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Published on January 25, 2022

cpap machine and equipment

What a CPAP Can Do for Your Health

The facts about American sleep problems are enough to keep you up at night.

More than 70 million people face disorders with their slumber – and almost 20 million have forms of sleep apnea.

A well-known medical device called the continuous positive airway pressure (CPAP) can help patients with certain diagnoses. But relief isn’t as easy as just grabbing one and going to bed.

“For the right patients, when used properly, the CPAP can make a big difference,” said Anthony Hericks, DO, Avera Medical Group pulmonologist and sleep physician. “It can significantly improve your sleep, and it may help control some conditions.”

Hericks said people using CPAPs who have diabetes, hypertension or atrial fibrillation may get relief that’s as affective as medication.

What is a CPAP and How it Works

Obstructive sleep apnea occurs when the muscles and tissue in our necks relaxes during sleep, blocking the airway during sleep, causing brief and repeated interruptions in sleep and often, gasping and/or loud snoring.

“The CPAP consists of a mask, a hose and an electronically controlled air pump,” said Chuck Hanisch, RRT, BS, Avera Home Medical Equipment Clinical Manager. “Air is pressed into the airway, keeping it open and allowing breathing throughout the night.”

Getting the proper pressure setting, along with the right type of mask and proper fit all important parts of the process.

“Not all snoring is obstructive sleep apnea, and not all apneas are the same,” Hericks said.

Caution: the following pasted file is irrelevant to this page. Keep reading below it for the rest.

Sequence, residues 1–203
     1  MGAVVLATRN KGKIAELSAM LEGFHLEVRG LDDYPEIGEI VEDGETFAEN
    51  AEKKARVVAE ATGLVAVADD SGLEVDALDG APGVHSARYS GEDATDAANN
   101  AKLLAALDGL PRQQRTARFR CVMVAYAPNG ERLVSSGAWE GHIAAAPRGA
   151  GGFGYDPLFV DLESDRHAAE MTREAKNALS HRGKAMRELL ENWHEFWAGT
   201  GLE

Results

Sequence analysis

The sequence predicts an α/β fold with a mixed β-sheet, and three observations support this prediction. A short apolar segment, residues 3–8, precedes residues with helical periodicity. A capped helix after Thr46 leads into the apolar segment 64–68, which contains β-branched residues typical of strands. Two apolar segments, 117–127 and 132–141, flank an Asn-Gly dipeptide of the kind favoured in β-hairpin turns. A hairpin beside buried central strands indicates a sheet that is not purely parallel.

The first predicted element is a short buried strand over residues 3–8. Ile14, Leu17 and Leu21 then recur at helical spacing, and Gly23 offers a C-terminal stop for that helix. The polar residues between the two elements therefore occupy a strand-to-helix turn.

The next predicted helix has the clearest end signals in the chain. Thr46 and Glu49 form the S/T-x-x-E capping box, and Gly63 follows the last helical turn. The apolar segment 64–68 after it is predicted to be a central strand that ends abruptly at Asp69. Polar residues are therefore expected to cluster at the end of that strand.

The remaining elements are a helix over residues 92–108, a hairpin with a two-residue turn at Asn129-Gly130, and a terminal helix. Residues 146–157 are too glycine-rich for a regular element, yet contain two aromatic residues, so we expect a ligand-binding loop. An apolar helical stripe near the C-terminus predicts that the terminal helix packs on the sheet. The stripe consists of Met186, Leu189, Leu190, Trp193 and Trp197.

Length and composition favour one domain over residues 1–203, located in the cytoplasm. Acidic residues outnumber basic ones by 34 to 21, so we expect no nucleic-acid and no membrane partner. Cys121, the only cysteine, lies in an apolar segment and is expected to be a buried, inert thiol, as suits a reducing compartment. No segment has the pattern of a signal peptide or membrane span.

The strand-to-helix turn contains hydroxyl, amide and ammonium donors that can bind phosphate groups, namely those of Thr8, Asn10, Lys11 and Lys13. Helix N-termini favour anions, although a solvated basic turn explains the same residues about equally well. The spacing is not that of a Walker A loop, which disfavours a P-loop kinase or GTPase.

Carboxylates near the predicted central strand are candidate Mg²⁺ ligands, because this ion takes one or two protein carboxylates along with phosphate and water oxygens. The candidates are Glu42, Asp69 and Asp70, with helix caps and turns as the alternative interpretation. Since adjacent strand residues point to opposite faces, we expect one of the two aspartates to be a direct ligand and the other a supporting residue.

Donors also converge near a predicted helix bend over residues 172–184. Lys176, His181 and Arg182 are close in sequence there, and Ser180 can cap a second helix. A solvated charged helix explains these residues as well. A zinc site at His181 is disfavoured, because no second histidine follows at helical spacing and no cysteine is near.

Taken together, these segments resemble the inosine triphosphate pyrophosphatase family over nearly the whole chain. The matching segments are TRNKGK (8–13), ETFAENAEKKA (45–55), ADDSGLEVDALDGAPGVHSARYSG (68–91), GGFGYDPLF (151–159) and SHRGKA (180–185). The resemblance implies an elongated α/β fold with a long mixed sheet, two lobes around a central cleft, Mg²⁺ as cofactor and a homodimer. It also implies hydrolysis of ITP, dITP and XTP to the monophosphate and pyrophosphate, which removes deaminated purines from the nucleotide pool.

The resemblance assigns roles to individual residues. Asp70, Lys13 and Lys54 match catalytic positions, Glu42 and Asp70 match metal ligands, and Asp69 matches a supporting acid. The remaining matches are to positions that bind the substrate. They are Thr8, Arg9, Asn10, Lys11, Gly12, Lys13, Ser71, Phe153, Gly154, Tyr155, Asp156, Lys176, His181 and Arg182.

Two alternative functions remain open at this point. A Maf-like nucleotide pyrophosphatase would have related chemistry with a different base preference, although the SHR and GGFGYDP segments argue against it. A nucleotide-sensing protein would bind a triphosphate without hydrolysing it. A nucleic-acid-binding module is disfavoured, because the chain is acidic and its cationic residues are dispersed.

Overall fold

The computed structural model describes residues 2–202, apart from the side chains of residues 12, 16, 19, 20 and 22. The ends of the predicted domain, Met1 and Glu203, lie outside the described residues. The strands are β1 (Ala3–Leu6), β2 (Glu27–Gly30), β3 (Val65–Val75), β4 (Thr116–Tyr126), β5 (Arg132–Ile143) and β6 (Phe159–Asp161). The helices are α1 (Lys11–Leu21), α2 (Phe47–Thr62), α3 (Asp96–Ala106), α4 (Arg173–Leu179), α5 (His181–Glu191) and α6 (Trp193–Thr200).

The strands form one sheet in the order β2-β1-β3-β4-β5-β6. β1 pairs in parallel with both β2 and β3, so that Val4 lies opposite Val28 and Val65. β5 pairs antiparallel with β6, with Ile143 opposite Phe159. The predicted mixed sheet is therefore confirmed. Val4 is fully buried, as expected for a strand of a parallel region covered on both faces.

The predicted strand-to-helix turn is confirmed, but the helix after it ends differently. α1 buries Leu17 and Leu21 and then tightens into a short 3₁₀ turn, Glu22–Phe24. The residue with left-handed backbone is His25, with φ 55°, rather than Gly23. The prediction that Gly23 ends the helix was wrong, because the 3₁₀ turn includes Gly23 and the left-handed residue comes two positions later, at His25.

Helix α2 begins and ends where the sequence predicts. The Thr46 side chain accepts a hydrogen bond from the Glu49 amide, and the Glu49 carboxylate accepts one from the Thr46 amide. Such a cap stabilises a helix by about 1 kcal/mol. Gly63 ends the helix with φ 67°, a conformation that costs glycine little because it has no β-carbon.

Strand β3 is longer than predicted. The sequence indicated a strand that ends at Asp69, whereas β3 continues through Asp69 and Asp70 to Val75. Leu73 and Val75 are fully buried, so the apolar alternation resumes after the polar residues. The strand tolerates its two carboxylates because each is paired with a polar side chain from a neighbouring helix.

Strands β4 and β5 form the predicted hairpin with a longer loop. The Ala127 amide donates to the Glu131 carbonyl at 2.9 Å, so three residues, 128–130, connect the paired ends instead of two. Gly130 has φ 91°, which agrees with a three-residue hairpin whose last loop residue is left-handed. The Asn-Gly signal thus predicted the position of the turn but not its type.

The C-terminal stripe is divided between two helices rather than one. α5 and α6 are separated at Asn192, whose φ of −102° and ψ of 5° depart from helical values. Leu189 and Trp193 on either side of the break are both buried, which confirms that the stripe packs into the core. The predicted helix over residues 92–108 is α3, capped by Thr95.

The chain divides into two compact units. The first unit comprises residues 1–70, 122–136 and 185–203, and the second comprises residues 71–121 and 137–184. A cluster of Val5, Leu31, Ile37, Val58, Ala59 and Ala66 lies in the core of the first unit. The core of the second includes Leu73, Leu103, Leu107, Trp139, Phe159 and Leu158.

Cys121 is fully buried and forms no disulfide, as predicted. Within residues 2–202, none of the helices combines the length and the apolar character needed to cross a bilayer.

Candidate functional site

Sleep Tests and Getting Your CPAP

Start with an appointment with your primary care provider or a specialist like a cardiologist or pulmonologist. If your doctor orders a sleep test, there are two possible types::

  • A formal, comprehensive sleep lab test, done in a clinical, inpatient setting.
  • A take-home sleep test using a device that monitors your sleep in your own bed.

Each has advantages. “The inpatient study in the lab allows us to monitor much more than abnormal breathing events during sleep,” Hericks said.

Another advantage of the sleep-lab test is that if you stop breathing during sleep, the monitoring technician can put a CPAP on you that night, in hopes of optimizing treatment pressure.

Home sleep studies are convenient and require no overnight stay in a sleep lab. They record results, and sleep specialists review them. In some cases, the information from the at-home test can lead to a recommendation of a formal, comprehensive in-lab exam, depending on results.

Once the results of a sleep study are reviewed, if a sleep problem is diagnosed, a prescription for the device is provided, and it’s usually filled at a home medical equipment service or store. With your doctor’s orders, home medical equipment can help ensure you know how to properly set the machine for use.

How Success Happens with CPAP Users

Once you get your device, expect some time for adjustment. Some sleepers never adjust to the use of the machine. Others swear by them and report “life-changing” results and a wide range of improvements.

“It’s a mindset,” said Hanisch. “We encourage people to try it while they are awake, watching TV or reading, so they can get used to the way it works and feels.” Give it some time before getting discouraged. Home medical equipment staff can adjust settings on the machine as needed.

The experiences of friends or family – like many things in life – also play a role. Hericks said when a patient has “a buddy” who says he uses a CPAP and it helps, it’s more likely his patient will stick with it.

Learn more about sleep disorders and how Avera sleep medicine professionals can help you.

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